Friday, December 22, 2017

New Year's Resolution Update: Running 2017 miles in 2017


The boys celebrated Chris's 21st birthday again!




Showing off his bling!  Collin's basketball team won a weekend tournament that left him all smiles.


Cooper finished off the basketball season and shared a hug with Coach Abernathy.



We did it! 2,017 miles in 2017!

It was near the end of last December when a string of texts circulated around my running group.  One friend tossed out the idea of running 2,017 miles in 2017.  Perhaps because some of us had engaged in a few too many holiday indulgences with disappointing scale results, we were game to run—a lot.

Running a lot and running 2,017 miles is quite a difference; we would learn this fact over the course of 12 months.  We realized that from our Midwest homes to the sandy beaches of California is roughly 2,017 miles.  Geography has never been my strong suit, but that seemed far.

Right away, I struggled with self-doubt.  My track record for keeping New Year’s resolutions certainly didn’t boost my confidence.  I’ve made 25 vows in 25 separate years to “eat healthy.” These resolutions lasted roughly two days and always ended with me clutching a bowl of greasy potato chips with a side of sugary treats.  Why did I expect this New Year’s Resolution to be any different?

Nevertheless, we all pushed fear aside, and focused on the commitment made to our friends.  On January 1, 2017, we laced up our running shoes and stepped outside to complete our first mile.

Over the course of the next 12 months, we logged an endless string of miles.  To reach our goal, we needed to run an average of 39 miles a week.  Some weeks, these proved to be an easy feat, while other weeks we struggled to reach our mileage.  The important thing to note is that we stayed the course.

In mid-December, we completed a six-mile run that pushed our yearly total to exactly 2,017 miles in 2017.  It felt like a monumental moment.  It was the realization that every single run and mile had contributed to something big.  It was the celebration that we had not waivered from a goal.  It was the acknowledgement that maybe we had it in us to actually complete a New Year’s resolution.

As I reflect back upon the year, I think about all the miles, 
but more importantly I remember the friends who accompanied me on the runs.  For over 2,000 miles, I had the privilege of sharing life with the most amazing group of women.  We dove into every topic under the sun, from the meaningless to the meaningful.  Through every step, we grew as friends. I realize that the most important thing was not reaching the mileage, but the journey it took for us to get there together.

With our goal completed, I’m already thinking about my New Year’s resolution for 2018.  Perhaps this is the year I will eat healthy, but running 2,018 miles seems like an easier goal.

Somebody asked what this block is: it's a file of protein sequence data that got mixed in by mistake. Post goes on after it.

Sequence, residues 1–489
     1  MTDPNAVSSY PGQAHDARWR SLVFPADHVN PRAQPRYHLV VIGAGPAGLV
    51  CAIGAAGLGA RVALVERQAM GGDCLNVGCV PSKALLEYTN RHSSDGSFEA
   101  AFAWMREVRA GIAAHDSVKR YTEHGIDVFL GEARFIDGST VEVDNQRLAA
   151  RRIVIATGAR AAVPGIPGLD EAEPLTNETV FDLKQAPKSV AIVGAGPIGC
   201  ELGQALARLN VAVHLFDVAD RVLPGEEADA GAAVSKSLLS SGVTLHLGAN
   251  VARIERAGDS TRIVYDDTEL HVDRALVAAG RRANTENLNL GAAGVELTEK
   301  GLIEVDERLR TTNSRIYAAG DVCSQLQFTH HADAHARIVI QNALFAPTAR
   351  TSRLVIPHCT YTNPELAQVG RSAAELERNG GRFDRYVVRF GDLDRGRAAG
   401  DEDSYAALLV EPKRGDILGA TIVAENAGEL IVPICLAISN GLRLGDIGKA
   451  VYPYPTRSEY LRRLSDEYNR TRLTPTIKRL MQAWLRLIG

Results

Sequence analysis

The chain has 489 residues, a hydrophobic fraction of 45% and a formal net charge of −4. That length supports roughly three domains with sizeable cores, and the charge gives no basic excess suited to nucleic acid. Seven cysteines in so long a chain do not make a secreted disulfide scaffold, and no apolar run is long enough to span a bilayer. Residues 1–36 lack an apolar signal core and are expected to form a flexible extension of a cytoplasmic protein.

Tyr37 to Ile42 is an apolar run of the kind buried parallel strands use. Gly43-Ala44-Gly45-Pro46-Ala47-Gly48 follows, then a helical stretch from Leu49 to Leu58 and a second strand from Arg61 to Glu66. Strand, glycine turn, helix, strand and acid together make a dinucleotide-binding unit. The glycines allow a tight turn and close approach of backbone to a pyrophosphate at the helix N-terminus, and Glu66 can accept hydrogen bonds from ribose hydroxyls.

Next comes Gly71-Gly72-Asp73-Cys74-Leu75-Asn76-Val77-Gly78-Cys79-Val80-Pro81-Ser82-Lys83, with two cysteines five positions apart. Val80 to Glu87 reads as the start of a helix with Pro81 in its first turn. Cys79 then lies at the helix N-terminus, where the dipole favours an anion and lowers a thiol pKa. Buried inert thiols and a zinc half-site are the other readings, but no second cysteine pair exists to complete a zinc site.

Thursday, December 14, 2017

Another Teenager in the Wood House


This is my new 15 year old!


His crew of friends came over to celebrate with pizza and cake.


Can't believe my baby is in a tux!


New teenager!


Officially half of our sons are teens!


Connor celebrated his day at a Pacers game!

I've always heard the expression, "The days are long, but the years are short."  I believe this quote primarily applies to motherhood.

For years, I was knee-deep in diapers and baby food.  Then, before I had a chance to protest, I'm knee-deep in hormones and acne.

Time stand still.

It was birthday weekend for the Woods.  Our two older sons have birthdays within a day of each other.  (We really should have thought that through!)  Both birthdays fell on the weekend.

This birthday weekend felt monumental.  Caleb is now 15 years old.  He has reached the age where he can attain a learners permit.  Driving is within his near future.

Connor is 13 years old.  He's a teenager, in every sense of the word.  Toy trucks and legos are no longer part of his world.  Sports, friends, and phones dominate his thinking.

Half of our sons are now teenagers.

I've become a teenage boy mom.

This fact has caused me to rethink my role.  

Gone are the days where I'm cutting up food into little bites.  Now I am purchasing and preparing food....all the time.  I'm no longer putting little ones to bed, but desperately wanted to put myself to bed while teenage boys are still going strong.  I'm monitoring iPhones, and not playdates.

I pray the next amount of days don't move too fast.  The years these boys are remaining in the house are short.  This fact I know from experience.






Tuesday, December 5, 2017

Learning to be a good neighbor from a child


Christmas Tree is Up!

For about two months, we've lived in the "country."  By country, I mean we no longer live in a neighborhood.  Our mailing address consists of a series of numbers and directions.  Farm fields run along the back of our property.

We do have two neighbors that live on either side of our home.  Upon moving into our home, one set of neighbors quickly made their introductions.  They are a friendly young couple with a baby on the hip and a toddler racing around the yard.  They welcomed us into their "neighborhood," but warned that the neighbors on the other side of our home were not, shall we say, "social."